The main treatments for allergic rhinitis are avoiding Reference allergens Opens New Window, managing symptoms with medicine and other home treatment, and, in some cases, getting allergy shots (Reference immunotherapy Opens New Window). How often you need treatment depends on how often you have symptoms.
It is important to avoid allergens that are causing your symptoms. By doing this, you may be able to reduce your allergy symptoms and manage them without medicine or with fewer medicines.
You may need to clean your house often to get rid of dust, animal dander, or molds. Or you may need to stay indoors when pollen counts are high.
For more information on how to avoid and control allergens, see Reference Home Treatment.
Taking medicines and doing other home treatments can help you manage your symptoms. For example, you may start taking Reference over-the-counter medicines. These include antihistamines, decongestants, and eyedrops. Or your doctor may prescribe stronger types of these medicines. You can do other things at home to help your symptoms, such as cleaning your nasal passages.
Think about allergy shots
If medicines don't help your symptoms or if they cause bad side effects, your doctor may suggest allergy shots (immunotherapy). These are small doses of allergens that your doctor injects under your skin. They help your body "get used to" the allergen, so you may have fewer or less severe symptoms.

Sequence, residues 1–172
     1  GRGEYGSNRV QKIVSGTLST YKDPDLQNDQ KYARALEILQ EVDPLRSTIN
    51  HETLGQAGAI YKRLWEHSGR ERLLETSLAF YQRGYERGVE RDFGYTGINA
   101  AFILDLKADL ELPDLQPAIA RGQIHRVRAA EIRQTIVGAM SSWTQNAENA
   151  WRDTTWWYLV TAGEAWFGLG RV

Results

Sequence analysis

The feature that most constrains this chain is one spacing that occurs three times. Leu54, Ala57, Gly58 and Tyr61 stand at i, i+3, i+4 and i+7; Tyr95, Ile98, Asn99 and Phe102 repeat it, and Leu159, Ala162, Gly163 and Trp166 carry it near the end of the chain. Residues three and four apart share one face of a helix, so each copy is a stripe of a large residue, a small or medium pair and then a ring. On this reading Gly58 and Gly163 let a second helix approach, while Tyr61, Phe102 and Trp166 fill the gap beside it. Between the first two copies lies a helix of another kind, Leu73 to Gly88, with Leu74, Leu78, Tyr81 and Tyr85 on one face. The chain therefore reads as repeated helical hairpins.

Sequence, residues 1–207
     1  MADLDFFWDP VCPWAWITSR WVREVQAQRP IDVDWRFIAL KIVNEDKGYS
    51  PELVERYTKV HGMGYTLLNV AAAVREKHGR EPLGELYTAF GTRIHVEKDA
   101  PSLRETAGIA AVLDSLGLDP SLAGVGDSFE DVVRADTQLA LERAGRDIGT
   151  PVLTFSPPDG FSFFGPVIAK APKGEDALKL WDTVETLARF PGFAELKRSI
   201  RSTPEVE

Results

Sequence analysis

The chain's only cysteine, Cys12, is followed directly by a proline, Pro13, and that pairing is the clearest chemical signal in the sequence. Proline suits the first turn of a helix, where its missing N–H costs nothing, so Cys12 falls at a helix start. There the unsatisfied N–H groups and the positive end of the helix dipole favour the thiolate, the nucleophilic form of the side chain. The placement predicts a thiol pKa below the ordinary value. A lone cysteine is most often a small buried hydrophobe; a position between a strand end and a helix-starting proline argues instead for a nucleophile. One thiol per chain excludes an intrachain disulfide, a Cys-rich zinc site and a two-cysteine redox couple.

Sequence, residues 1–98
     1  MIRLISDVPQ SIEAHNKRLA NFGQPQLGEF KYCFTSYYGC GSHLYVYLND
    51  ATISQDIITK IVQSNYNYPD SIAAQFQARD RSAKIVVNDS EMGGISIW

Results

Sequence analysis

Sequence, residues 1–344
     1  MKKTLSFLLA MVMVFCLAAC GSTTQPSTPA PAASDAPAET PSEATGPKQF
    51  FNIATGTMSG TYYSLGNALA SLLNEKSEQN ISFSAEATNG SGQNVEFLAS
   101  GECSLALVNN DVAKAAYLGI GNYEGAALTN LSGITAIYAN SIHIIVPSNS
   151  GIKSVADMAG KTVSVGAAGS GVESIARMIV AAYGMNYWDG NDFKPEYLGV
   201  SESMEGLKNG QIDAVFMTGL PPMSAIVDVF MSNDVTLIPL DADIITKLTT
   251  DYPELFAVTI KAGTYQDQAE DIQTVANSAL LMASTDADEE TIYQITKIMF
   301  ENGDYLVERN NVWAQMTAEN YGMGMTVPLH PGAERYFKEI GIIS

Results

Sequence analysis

Know when surgery is or isn't needed
Sometimes people need surgery to fix a problem that makes treating allergies harder. You and your doctor should not consider surgery unless other treatments have failed.
To learn when surgery may be needed, see Reference Surgery.
Treatment for children
Reference Treatment for children who have allergic rhinitis is much the same as for adults who have allergies. Treating children with medicine may be more difficult because of the possible side effects. Some medicines also may not be approved to treat children.
|By:||Reference Healthwise Staff||Last Revised: Reference May 30, 2012|
|Medical Review:||Reference E. Gregory Thompson, MD - Internal Medicine
Reference Rohit K Katial, MD - Allergy and Immunology